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National Treasury has introduced legislation from March 2015 that will allow discretionary tax-free savings for individuals, in order to encourage savings in South Africa. While the introduction of these accounts is no doubt a step in the right direction, there are a couple of questions you may be asking. Who benefits from these accounts? What are some of the considerations in taking advantage of the tax benefits? What should these accounts be used for?
National Treasury has introduced legislation from March 2015 that will allow discretionary tax-free savings for individuals, in order to encourage savings in South Africa.
These accounts, also called tax-free savings accounts, will allow individuals to contribute up to R30 000 per year, subject to a lifetime limit of R500 000, into a variety of savings accounts that will receive preferential tax treatment of the investment returns.
These savings accounts are exempt from the following taxes:
but contributions are from after-tax income.
Furthermore, these savings accounts have been introduced with the principles of simplicity, transparency and suitability being paramount.
While the introduction of these accounts is no doubt a step in the right direction, there are a couple of questions you may be asking. Who benefits from these accounts? What are some of the considerations in taking advantage of the tax benefits? What should these accounts be used for?
Let’s look at each of these questions in turn.
Who benefits from these accounts?
The initial starting point is the approximately 5 million individuals who have to submit a tax return (although in reality only about 3.5 million would gain a tax advantage as they pay the vast majority of the personal income tax). Those individuals who are currently putting aside discretionary savings which are subject to tax will feel the benefits by redirecting their future savings into these accounts. To consider the overall benefits of these accounts, one needs to allow for the variety of tax exemptions and deductions that are currently offered to individuals.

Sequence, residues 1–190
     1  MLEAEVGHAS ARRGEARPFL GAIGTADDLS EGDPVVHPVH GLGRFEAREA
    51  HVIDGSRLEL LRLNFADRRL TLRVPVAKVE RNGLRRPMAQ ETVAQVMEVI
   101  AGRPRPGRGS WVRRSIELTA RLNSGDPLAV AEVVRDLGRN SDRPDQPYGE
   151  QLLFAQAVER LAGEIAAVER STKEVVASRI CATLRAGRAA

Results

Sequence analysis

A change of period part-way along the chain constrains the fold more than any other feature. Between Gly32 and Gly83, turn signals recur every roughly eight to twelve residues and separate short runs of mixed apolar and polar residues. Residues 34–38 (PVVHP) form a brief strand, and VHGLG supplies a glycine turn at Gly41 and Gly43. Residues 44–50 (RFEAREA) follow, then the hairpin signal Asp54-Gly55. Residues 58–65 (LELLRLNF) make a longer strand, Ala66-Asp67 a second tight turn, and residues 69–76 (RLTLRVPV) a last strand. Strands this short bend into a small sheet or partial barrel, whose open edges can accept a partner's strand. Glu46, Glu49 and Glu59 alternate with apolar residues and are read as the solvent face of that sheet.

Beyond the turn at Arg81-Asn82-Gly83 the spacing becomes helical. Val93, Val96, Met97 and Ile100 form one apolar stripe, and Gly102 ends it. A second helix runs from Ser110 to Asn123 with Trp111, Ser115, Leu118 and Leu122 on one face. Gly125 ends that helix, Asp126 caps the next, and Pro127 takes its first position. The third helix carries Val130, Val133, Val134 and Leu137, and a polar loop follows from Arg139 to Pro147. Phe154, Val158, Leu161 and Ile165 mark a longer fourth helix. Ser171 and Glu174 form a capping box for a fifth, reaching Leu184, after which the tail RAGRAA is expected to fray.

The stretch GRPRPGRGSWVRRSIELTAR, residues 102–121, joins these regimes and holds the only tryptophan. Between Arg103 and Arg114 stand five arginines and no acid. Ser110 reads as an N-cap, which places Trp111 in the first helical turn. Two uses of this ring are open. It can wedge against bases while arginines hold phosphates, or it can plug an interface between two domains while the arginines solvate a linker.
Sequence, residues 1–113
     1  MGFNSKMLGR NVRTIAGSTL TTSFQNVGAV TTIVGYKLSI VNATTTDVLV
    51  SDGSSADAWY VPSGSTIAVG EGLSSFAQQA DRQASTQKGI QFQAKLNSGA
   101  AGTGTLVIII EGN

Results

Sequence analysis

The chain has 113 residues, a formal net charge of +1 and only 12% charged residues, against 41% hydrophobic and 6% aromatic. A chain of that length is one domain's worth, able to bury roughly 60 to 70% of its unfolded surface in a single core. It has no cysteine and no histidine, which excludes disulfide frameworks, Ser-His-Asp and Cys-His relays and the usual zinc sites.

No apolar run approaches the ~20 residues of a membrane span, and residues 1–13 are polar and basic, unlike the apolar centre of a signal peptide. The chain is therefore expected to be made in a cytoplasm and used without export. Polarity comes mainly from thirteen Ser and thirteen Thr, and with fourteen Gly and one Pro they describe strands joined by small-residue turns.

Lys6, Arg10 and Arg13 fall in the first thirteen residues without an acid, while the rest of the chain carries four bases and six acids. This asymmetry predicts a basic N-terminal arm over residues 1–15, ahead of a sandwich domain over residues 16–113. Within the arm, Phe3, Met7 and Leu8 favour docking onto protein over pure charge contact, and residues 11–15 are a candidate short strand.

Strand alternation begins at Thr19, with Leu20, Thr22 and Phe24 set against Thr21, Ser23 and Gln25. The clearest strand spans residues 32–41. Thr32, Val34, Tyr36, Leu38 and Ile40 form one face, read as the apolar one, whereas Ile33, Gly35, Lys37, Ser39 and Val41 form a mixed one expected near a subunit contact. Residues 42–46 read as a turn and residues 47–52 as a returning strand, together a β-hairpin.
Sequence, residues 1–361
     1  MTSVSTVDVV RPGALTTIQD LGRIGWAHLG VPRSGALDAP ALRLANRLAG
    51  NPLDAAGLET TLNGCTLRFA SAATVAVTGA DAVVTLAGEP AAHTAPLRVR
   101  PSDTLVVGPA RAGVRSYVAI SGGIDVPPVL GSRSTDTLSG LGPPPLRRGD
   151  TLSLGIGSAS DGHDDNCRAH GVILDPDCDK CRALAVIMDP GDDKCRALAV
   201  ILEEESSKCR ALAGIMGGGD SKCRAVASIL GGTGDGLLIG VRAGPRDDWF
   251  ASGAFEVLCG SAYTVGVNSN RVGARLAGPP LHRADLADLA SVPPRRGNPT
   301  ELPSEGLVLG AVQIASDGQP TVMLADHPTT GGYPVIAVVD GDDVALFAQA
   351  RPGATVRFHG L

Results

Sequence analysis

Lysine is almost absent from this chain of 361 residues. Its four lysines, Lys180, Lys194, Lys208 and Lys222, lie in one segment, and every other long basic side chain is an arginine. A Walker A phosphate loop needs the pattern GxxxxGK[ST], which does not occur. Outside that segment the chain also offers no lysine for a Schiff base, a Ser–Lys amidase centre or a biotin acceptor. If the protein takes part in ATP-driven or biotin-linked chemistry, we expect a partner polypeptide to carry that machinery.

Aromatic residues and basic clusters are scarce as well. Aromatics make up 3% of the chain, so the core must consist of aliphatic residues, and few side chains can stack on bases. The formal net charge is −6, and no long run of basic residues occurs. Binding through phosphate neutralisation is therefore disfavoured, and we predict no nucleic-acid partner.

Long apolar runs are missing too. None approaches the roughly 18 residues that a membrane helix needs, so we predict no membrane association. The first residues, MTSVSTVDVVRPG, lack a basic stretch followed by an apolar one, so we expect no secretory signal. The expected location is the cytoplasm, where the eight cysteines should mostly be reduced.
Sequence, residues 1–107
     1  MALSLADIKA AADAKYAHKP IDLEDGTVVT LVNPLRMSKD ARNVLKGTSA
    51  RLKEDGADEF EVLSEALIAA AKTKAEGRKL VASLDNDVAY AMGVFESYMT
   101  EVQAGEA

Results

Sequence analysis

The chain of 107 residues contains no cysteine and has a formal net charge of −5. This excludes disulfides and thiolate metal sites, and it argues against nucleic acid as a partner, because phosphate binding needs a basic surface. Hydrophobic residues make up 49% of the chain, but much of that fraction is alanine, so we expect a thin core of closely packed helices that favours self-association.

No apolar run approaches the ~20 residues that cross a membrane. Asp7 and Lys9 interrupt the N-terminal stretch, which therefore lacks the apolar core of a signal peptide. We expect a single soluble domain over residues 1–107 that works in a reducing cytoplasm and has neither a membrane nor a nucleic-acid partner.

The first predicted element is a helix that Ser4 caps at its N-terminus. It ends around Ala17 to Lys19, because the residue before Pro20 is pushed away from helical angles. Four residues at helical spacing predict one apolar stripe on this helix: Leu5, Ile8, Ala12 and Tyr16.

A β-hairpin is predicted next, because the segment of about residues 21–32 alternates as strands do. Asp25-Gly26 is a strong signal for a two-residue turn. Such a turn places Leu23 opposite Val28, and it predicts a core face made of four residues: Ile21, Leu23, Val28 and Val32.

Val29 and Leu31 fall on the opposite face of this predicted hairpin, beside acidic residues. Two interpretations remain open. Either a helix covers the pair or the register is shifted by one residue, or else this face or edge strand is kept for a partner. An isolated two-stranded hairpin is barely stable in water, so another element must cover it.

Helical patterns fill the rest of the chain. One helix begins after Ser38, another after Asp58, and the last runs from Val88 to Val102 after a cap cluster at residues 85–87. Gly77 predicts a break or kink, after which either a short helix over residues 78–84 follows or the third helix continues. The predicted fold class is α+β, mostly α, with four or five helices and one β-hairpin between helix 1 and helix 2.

What are some of the considerations in taking advantage of the tax benefits?
Given that these exemptions and deductions already existed to a certain degree, how would this new account provide an incentive that was not previously there? Individuals under the age of 65 are currently allowed R23 800 in interest income tax-free per year. This will no longer be increased in line with inflation and will effectively be replaced in time by the tax-free savings account. Individuals are also currently exempt from paying tax on the first R30 000 of any capital gains. Comparing the level of these exemptions to the annual limit available in the tax-free savings account of R30 000 it is apparent that the account isn’t suitable for all types of savings a person may have (at least in the short term).